GENERIC CONJUGATED ESTROGENS: REP. DINGELL SEEKS FDA EXPLANATION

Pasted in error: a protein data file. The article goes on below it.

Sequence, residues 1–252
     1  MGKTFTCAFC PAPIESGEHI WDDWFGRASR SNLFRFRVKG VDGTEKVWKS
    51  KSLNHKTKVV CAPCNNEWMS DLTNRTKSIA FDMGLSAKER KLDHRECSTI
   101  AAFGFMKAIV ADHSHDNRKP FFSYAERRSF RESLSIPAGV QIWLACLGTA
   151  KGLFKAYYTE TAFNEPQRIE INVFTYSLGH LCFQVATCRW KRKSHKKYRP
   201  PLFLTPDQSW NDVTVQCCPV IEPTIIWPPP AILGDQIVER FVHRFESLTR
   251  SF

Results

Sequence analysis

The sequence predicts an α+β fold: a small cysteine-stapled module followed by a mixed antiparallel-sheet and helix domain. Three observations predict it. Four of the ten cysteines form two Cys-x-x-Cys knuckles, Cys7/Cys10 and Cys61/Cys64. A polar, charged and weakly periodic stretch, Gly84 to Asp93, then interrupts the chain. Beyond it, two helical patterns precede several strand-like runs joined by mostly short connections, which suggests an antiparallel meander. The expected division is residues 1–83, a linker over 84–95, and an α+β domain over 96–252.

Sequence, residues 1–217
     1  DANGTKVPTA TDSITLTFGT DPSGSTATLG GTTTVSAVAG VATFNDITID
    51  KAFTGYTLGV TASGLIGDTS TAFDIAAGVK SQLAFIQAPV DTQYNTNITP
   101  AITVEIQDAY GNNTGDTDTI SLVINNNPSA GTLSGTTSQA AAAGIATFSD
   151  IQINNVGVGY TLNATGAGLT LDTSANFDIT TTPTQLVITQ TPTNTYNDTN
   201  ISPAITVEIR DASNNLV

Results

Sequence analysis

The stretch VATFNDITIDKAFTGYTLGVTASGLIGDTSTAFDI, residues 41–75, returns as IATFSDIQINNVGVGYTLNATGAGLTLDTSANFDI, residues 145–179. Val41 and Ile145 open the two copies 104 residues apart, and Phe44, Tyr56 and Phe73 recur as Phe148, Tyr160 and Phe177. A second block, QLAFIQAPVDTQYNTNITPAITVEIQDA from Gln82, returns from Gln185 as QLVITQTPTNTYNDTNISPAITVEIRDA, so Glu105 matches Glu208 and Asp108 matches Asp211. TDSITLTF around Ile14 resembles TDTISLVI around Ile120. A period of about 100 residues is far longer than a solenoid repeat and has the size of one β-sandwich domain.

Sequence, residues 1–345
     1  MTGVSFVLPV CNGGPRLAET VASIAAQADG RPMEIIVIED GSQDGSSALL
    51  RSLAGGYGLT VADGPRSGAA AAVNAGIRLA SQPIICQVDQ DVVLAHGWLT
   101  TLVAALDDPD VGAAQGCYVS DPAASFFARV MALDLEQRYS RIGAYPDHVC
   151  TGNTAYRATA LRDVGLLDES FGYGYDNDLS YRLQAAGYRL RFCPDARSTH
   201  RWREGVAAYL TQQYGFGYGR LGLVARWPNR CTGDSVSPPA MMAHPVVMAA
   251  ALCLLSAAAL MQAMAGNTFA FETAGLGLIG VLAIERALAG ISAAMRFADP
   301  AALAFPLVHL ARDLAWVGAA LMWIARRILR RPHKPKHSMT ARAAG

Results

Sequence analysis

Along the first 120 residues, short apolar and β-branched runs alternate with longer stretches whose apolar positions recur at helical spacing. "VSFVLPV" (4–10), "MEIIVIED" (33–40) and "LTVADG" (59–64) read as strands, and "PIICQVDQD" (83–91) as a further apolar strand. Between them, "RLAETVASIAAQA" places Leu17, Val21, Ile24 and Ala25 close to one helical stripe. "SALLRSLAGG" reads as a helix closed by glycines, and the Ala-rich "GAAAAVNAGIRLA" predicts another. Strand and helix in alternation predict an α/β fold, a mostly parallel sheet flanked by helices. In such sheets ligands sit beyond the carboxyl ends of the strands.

GENERIC CONJUGATED ESTROGENS: REP. DINGELL SEEKS FDA EXPLANATION for alleged procedural delays in the agency's handling of the product. In a Nov. 29 letter to Center for Drug Evaluation & Research Director Carl Peck, MD, Dingell (D-Mich.) asked that the agency send the House Oversight Subcommittee "a written report on FDA actions on conjugated estrogens taken subsequent to [Peck's] November 1989 testimony, including an explanation of the procedural problems and actions taken to prevent their recurrence." Dingell requested that the report be sent by December 28. The congressman added that the report also should include "FDA's views on the recent multiple lot recalls of Duramed's and Zenith's conjugated estrogen products, and Duramed's decision to discontinue production of its conjugated estrogen products." Dingell expressed unhappiness with delays both in removing from the market generic products that FDA considered bio-inequivalent to Wyeth-Ayerst's Premarin and in setting standards for approval of generic competitors for the brandname product. "Given the recent osteoporosis indication for the innovator conjugated estrogen product (Premarin) and the absence of suitable (AB rated) competition, this drug could easily become the largest seller in the U.S.," Dingell said. "You may recall that your office revoked the protocol regarding the appropriate measure of bioequivalence between Barr's product and that of the innovator, Wyeth-Ayerst, after Wyeth intervened in the approval process," he reminded Peck. FDA took "several procedural missteps" in reviewing Barr's ultimately disapproved ANDA for generic conjugated estrogens -- a situation that Peck "agreed last November warranted an apology to Barr," the congressman added. Regarding FDA's "long process of withdrawing the approvals of existing generic competitors," Dingell said: "It is not satisfactory to provide testimony to this subcommittee regarding safety concerns and then to drop the ball in following up on those concerns." Dingell noted: "On Feb. 13, 1990 the FDA published a Notice of Opportunity for Hearing on the possible withdrawal of generic conjugated estrogens manufactured by Duramed and Zenith, among others." The action was based on FDA's belief that the previously approved generic products were "potentially bio-inequivalent to Premarin tablets." However, FDA since has "informed the subcommittee staff that there have been two substantial delays, one of six weeks and one of eleven weeks, in the FDA's decision on the preliminary procedural issue of whether to grant a hearing," Dingell said. "The first delay was in your regulatory affairs group, whose task it was to simply examine, on a timely and efficient basis, the filings in response to the February notice to see whether scientific review within FDA was warranted," he noted. Peck has "agreed," Dingell observed, that "this task could have been done in no more than two hours." Dingell said "the second delay was reportedly caused by the routing of an unmarked box to, and its misplacing within, the Office of Generic Drugs." Congress presumes FDA is "uniquely capable" of evaluating the safety and efficacy of drug products, the congressman noted, "even when your own advisory committee disagrees with the agency, as was the case in this instance," Dingell noted. However, he declared, "the subcommittee has particular worries when continuing procedural gaffes undermine the FDA's ability to address your stated safety concerns." He added: "At some point you and Mr. Meyer [Peck's deputy director] ought to accept responsibility for this rather incredible series of events and either fix these and other problems concerning the FDA's regulation of generic drugs or step aside and allow others to try."
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